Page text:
I’ve been keen to get answers to a number of questions during this pandemic, and there’s one I keep coming back to – what has happened to people on immuno-suppressant drugs for their arthritis who have, sadly, contracted coronavirus? I’m assured that work is going on to explore that issue – of course it would be – and now I’ve been directed to EULAR, the European League Against Rheumatism, an organisation I confess I know very little about, which is in the process of assembling a database of patients and outcomes. https://www.eular.org/eular_covid19_database.cfm
As you’ll see from the link, clinicians from across Europe are being encouraged to feed information into EULAR’s database, and to do so on a voluntary basis. Some countries are going their own way on this, so there’s a danger of duplication, but there’s talk of the findings being merged at some point in the future. And this paragraph points towards the regularity of future reporting:
“EULAR will provide the rheumatology community with regularly updated summary information on reported cases, including numbers of cases by country, number of cases by treatment, among others. We do not yet know the frequency of these reports but anticipate it could be as frequent as weekly. This will enable the entire rheumatology community to remain up to date regarding COVID-19 in patients with rheumatic and musculoskeletal diseases (RMDs).”
Anything that starts providing answers in this area has got to be a good thing. But a word of caution; it’s early days, the sample numbers are low, and many aspects of people’s individual circumstances aren’t highlighted at this stage. I’m linking here to the latest figures on the database https://www.eular.org/myUploadData/files/eular_covid_19_registry_report_as_of_22_june.pdf and you can see why I might be concerned. The percentage of people reported to the registry who are either hospitalised or who die is higher than I would have expected. I gulped at first reading.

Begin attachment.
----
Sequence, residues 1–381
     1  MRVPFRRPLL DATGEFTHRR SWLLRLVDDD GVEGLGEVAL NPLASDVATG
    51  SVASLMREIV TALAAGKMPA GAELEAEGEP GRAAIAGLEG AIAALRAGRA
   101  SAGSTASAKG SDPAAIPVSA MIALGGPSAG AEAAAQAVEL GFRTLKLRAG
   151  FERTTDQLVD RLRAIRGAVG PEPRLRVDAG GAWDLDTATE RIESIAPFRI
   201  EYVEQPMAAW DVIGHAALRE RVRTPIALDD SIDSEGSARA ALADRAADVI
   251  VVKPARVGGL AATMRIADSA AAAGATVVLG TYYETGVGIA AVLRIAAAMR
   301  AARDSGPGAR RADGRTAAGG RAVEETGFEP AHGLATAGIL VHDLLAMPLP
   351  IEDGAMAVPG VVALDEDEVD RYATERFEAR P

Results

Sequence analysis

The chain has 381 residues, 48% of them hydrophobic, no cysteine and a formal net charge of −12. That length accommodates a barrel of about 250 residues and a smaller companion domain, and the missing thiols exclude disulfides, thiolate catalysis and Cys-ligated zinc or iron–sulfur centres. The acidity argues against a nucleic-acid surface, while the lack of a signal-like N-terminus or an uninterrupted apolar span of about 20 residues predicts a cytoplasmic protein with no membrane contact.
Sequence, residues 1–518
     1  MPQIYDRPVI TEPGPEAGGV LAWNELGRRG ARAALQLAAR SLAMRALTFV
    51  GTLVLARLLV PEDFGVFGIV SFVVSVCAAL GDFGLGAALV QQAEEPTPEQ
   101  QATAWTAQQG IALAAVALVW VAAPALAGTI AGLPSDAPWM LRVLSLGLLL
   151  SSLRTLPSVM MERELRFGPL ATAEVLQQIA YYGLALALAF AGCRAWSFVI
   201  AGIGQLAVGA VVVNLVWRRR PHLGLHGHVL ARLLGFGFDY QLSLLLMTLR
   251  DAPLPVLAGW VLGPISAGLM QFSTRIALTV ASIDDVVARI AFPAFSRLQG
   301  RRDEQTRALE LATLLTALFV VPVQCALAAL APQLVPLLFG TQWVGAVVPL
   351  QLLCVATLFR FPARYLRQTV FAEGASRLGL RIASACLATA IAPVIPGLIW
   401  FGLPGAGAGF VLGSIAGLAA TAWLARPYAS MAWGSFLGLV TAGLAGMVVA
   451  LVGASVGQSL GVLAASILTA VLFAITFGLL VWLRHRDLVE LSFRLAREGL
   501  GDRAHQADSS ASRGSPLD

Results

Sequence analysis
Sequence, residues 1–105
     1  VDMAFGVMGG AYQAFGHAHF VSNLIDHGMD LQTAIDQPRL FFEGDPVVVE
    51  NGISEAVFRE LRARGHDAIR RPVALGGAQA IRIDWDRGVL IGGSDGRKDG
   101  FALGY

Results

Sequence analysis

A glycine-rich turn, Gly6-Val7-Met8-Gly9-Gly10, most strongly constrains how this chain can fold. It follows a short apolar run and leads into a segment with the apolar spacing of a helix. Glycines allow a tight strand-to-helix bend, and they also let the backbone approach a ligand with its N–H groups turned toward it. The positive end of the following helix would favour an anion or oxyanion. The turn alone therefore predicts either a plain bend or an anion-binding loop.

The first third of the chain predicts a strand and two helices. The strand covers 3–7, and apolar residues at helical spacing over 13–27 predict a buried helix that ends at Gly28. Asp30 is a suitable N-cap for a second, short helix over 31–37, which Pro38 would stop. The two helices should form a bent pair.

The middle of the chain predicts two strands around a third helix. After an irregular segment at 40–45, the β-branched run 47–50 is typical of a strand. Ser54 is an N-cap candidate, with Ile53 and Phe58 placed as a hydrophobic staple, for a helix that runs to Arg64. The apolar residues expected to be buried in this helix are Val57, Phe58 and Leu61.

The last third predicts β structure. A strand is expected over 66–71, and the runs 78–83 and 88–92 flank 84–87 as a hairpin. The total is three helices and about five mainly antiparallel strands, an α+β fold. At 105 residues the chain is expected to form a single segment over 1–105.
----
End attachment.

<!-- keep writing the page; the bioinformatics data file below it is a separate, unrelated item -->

But then I thought……what drugs are these people taking, what is the current state of their rheumatoid/arthritic condition, what other health issues might be relevant, what of age/gender/ethnicity considerations etc. etc.? And then it occurred to me that clinicians around Europe are more likely to report incidents of seriousness than they are to report incidents where a patient had a cough or temperature for a few days and then, thankfully, recovered. That’s not to cast aspersions on the clinicians, the database or its value…..I wish it well…..but, like so many things during this pandemic, I guess we just have to be patient before we get the full story.